James Lawton: Cricket should not be fun – Twenty20 has stripped it of intrigue and brutality
Real men shouldn't dress up in garish outfits and prostitute a game of sublime potential
Tuesday 09 June 2009
Cricket "purists," for want of a better dirty word, are constantly being told it is time for them to wrap themselves in old army blankets, lie under the stars and await their admission to that happy hunting ground where their heroes do not dress up in pyjamas and lunge, with extreme predictability and ugliness, at almost every ball bowled in their direction.
However, the suggestion has rarely been as compelling, surely, as on Sunday, when England beat Pakistan in a Twenty20 match of such banality it was quite often hard to look.
The late Harold Pinter once declared, "Cricket is the greatest thing that God ever created on earth." It wasn't on this occasion. It seemed more like evolution in reverse.
Twenty20 contrives its thrills in a crayon-drawn format so pre-ordained, so soul-grindingly repetitive, that its defenders declare it foolproof, but then what happens when one of two allegedly competitive teams has neither the form nor the inclination to make a match of it? We saw it at The Oval on Sunday night. It is a hideously jerked-up formulaic parody of the real game, the one that delighted such as Pinter and Samuel Beckett and was once lauded by a visiting African chieftain, a guest at Lord's of the Foreign Office, as the finest, most elaborate and still most subtle rain-making ceremony ever devised. Twenty20 is about as subtle as a ram-raid.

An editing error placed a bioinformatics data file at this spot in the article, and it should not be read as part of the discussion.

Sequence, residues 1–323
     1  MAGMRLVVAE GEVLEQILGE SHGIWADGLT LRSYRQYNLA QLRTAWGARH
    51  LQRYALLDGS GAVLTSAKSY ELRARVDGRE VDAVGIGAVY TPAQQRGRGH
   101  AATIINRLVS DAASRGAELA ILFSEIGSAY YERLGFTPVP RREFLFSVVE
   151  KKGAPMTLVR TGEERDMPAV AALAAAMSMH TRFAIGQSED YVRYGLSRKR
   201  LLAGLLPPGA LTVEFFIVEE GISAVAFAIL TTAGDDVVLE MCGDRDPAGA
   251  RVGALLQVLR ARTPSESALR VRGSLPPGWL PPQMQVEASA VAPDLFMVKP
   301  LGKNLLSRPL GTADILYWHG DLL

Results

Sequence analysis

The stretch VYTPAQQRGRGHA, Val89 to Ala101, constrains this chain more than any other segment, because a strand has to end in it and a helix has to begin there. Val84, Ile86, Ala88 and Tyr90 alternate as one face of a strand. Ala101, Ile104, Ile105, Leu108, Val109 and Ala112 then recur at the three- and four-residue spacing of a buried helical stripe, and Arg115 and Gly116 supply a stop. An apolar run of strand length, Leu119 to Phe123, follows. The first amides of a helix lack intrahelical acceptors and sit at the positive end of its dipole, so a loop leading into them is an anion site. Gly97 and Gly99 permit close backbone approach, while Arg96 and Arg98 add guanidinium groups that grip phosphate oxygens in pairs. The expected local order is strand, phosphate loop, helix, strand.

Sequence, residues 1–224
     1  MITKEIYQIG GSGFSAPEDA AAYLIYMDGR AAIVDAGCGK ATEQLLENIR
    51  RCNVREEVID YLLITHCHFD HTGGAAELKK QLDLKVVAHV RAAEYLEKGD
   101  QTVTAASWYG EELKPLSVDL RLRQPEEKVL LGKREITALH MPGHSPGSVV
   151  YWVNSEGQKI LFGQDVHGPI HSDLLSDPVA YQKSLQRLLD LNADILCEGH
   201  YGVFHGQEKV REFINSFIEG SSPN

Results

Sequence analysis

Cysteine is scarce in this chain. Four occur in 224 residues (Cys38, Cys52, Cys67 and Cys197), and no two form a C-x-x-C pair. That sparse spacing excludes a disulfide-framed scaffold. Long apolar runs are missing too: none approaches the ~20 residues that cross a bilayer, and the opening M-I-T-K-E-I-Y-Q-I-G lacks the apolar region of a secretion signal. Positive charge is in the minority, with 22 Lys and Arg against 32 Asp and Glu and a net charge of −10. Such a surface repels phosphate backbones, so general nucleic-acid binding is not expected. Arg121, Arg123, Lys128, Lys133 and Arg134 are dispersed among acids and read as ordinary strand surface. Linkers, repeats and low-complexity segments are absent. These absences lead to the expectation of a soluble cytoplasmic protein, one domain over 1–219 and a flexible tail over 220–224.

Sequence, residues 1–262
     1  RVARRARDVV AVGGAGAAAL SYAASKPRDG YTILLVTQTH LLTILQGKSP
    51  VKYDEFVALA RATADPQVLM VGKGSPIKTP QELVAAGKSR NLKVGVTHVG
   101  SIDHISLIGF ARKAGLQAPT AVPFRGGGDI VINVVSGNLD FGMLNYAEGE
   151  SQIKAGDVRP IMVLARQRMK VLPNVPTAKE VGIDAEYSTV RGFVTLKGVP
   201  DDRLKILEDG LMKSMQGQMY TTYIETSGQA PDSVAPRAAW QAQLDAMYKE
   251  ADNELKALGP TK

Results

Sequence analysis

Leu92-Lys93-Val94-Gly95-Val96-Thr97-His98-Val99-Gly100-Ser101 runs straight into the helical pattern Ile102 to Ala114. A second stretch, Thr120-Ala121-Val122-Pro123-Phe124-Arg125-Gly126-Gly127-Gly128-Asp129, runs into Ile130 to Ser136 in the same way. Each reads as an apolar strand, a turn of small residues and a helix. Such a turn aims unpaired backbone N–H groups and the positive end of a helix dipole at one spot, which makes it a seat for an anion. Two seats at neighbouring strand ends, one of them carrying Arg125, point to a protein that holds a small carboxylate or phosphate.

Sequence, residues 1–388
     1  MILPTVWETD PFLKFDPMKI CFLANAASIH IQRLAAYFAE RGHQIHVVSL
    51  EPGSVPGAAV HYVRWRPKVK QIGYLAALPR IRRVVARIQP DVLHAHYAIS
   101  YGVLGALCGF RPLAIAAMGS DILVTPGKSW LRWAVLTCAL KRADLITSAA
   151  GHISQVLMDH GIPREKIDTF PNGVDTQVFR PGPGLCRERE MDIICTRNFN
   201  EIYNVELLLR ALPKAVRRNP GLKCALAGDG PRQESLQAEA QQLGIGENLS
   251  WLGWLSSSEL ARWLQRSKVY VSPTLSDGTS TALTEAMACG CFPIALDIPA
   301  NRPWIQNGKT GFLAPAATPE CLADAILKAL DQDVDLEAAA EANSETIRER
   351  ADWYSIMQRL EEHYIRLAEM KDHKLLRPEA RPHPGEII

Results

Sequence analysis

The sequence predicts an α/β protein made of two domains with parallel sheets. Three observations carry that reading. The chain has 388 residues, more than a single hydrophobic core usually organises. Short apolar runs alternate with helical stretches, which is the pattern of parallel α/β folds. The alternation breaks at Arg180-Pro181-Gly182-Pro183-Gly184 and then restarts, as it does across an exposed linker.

Any idea that all the hype in the world might just sustain for cricket a rather higher status was somewhat shot through by the beaten Pakistani captain Younis Khan when he declared, "We didn't field very well and it is a problem for us at the moment. But Twenty20 is a fun game. It's meant to be fun, that's all." If only it was, Younis.
The problem is that it is supposed to be so much more than that. It is the straight-faced projection of the salvation of cricket. It is the way, we are told, to prise the kids away from King Football and maintain, more effectively than ever more, the downward motion of the game's nose in the great trough of television.
This, of course, wasn't quite the image being projected by England's captain Paul Collingwood, who declared, "I'm loving the captaincy now but I wasn't loving it on Friday night" (when a Dutch debt collector heaved two sixes at Lord's by way of match-winning momentum). "I know I have 11 good men in the dressing room who have backed me up. They wanted to go out there and show what they could do and they did that. They showed their character and it shows we have real men in the dressing room."